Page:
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Tuesday, May 16, 2017

The River

It’s Tuesday morning and I am getting ready to leave for work. But all I can think of is the spot on the James River that I discovered a few weeks ago. A spot so promising that I can’t believe nobody else fishes it. It took me a while to find this place. Actually, it happened by accident. I was looking at Google Earth, trying to find the dam they were discussing in a newspaper article. I found the dam, and then, out of curiosity, I moved a little farther upstream and saw the spot I usually fish. I continued to scroll upstream and discovered this magnificent spot where the rock formations were perfect and there was an equal amount of deep water and shallow riffles. The satellite images are amazingly clear and I could see beneath the water in a way that I never could with the naked eye. I could see the rock shelf and the variation in depth. I saw the channel that cut it’s way through the bedrock over thousands of years. (I recommend using this Google earth technique when fishing new areas) The next week I went out and walked about three miles to the spot I had researched. It didn’t look like anyone had fished it recently. No trash along the rocky shoreline. No tangled remnants of line stuck in the trees.
It took some work to get there and I imagine that anyone less than a serious fisherman wouldn’t bother.
I’m sitting here at my table this morning thinking far more about that fishing hole than I am about my job. When I was a kid, riding my bike to “Nonesuch Creek” with my best friends, fishing was about fishing. Just catching a fish, any fish, and hanging with the guys was all the motivation I needed. Fishing was just what little boys did.
But I’m almost 54. I am a divorcee, a single dad trying to navigate this life of mine, and learning on the job what it is that dad’s do with 19-year-old daughters, and trying to hurry up and figure out the rest of my life. I don’t fish simply for the fun of it anymore. I fish now, because I need to. Desperately.
I need some sort of connection to a much simpler time. I need the memories that fishing stirs. I need the internal solitude and the chance to unravel the tangled ball of yarn that my soul has become. I need to think, and to pray, and to reminisce, and to see if I can still dream. I dream of writing. Of communicating the questions I ask and the answers I've found. I doubt my abilities to do this but I desire it nonetheless. I think of this a lot when I'm on the river.
Fishing, now, has become my soul retreat. My quiet place where I can recharge. Whether I catch anything or not is of little consequence. Of course, I want to catch fish. But sometimes actually catching a fish is distracting to the things going on inside.
My second cousin is a professional fisherman. We’ve never met, and it was a surprise to me, to learn that he is a relative. He’s pretty well known and extremely popular on the Bass circuit. (Mike Iocanelli, a second cousin on my grandmother’s side. Her maiden name was Iocanelli) Ike fishes for a living and so his approach is, by necessity, far more aggressive and business-like.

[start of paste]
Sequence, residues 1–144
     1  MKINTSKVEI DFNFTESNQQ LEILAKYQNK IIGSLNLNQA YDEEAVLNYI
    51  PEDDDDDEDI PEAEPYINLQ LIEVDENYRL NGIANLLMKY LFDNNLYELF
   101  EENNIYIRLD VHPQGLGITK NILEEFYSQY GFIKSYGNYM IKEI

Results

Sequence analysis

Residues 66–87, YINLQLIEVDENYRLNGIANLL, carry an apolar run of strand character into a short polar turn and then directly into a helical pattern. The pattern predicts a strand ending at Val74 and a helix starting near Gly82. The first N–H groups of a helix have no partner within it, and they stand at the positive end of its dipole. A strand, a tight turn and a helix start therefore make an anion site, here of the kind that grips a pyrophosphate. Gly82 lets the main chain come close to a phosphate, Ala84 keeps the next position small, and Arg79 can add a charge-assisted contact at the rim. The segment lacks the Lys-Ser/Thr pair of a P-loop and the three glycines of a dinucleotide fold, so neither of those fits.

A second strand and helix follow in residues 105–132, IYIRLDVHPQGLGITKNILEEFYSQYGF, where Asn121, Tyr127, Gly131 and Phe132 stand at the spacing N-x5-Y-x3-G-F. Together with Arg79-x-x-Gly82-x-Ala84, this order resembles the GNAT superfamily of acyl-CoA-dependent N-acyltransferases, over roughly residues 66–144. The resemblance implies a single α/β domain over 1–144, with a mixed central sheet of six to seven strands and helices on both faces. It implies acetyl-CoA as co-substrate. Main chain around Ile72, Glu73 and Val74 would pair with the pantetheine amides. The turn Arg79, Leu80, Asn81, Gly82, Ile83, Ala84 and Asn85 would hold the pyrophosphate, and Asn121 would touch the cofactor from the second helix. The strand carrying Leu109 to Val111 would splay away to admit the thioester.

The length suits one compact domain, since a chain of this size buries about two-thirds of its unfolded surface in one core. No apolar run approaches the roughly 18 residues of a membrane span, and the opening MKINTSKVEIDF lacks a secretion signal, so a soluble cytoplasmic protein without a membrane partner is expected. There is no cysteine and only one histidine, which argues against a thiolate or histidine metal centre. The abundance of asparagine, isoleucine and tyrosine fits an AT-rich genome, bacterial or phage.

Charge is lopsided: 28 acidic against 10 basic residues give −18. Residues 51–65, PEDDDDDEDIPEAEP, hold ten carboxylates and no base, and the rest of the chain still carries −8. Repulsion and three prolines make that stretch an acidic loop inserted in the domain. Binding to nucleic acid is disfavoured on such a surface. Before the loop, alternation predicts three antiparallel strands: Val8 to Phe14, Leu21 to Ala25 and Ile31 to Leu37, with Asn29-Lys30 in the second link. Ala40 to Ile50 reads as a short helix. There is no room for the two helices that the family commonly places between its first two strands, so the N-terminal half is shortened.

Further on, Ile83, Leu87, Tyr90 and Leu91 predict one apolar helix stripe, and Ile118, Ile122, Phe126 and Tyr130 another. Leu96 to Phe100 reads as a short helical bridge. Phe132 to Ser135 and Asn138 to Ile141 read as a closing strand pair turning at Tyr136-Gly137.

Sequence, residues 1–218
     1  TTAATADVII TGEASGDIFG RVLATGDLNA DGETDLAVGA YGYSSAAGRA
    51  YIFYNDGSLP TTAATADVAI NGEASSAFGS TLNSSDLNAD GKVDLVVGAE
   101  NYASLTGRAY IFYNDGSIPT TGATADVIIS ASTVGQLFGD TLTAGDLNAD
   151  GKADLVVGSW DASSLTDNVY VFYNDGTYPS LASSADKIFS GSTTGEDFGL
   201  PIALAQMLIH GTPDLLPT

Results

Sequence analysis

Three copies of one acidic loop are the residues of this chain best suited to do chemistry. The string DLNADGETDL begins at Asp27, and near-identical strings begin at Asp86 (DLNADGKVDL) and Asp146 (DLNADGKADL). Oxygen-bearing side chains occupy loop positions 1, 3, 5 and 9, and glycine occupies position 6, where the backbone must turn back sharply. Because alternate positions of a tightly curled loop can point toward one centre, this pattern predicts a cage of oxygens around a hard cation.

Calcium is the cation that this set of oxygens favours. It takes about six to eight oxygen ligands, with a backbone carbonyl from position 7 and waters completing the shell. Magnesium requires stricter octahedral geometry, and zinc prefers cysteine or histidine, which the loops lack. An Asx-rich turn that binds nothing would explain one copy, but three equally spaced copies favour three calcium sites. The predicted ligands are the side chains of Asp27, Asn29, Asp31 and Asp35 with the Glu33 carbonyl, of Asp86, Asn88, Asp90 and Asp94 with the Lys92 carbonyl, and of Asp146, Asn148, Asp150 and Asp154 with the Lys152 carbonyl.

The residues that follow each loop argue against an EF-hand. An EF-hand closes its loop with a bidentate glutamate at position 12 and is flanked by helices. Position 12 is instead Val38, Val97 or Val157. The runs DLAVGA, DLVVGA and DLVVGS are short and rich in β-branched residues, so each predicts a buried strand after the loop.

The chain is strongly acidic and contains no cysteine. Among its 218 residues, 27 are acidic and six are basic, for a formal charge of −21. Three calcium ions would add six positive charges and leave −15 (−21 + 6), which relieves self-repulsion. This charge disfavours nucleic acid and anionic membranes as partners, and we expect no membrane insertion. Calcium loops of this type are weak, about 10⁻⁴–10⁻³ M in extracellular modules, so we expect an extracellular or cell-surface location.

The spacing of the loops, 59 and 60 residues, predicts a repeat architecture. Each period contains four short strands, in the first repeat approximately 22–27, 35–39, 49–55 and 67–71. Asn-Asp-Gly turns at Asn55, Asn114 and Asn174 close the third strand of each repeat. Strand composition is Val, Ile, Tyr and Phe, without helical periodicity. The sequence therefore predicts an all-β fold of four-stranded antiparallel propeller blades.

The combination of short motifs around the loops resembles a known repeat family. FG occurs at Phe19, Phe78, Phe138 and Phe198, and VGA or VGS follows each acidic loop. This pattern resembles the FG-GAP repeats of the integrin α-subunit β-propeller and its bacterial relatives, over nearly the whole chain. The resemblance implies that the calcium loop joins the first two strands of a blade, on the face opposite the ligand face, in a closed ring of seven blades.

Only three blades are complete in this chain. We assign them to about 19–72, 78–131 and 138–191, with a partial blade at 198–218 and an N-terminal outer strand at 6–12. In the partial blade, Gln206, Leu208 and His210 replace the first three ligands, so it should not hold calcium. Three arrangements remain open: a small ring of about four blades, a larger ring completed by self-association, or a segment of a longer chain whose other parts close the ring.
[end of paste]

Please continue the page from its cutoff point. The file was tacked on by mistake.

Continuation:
When I was a boy, that would have been a dream job. But I watch his video channel and I see how much hard work he puts in to be as good as he is and I don’t think that would be for me. Obviously, Ike loves what he does, but I wonder if he ever gets the chance to simply fish for the fun of it. Maybe someday we’ll meet and I’ll ask him.
My heart is in the spin cycle right now. Turbulent and tumultuous. I realize I am running out of time to make career choices and I feel very far from home. Maybe that’s why I feel like I need to be on the river today and not on the campus at Liberty University. I need to lose my thoughts in the mechanical repetition of casting and retrieving. Of reading the water and looking for structure. To the steady noise of the water as it rushes by and the thrill of a strike. A thrill that eventually loses it’s gravity as I dig deeper into the bird nest inside my heart and try to draw a roadmap for the next 20 years of my life.
Years ago, Rich Mullins, one of my favorite musicians, wrote a song called “The River.”
The chorus says this:


"And I know the river is deep 
And I found out the currents are tricky.
And I know the river is wide.
Oh and the currents are strong.
And I may lose every dream
That I dreamt I could carry with me.
But I know that will reach the other side.
Please don’t let me have to wait too long.”

The river is a metaphor. Maybe for me, the James River is a metaphor as well. Maybe out there, I’m not the formerly homeless guy, or the 54 year old man in a twenty-something world, or the single dad who feels like he’s feeling his way along the back wall of a cave in the dark, when it comes to relating to a 19 year old young woman as a daughter.
Maybe I can be all of that, plus that eight-year-old boy, riding on a spider bike with his best friends, just looking to have fun.

I need to go find out.

The river calls.

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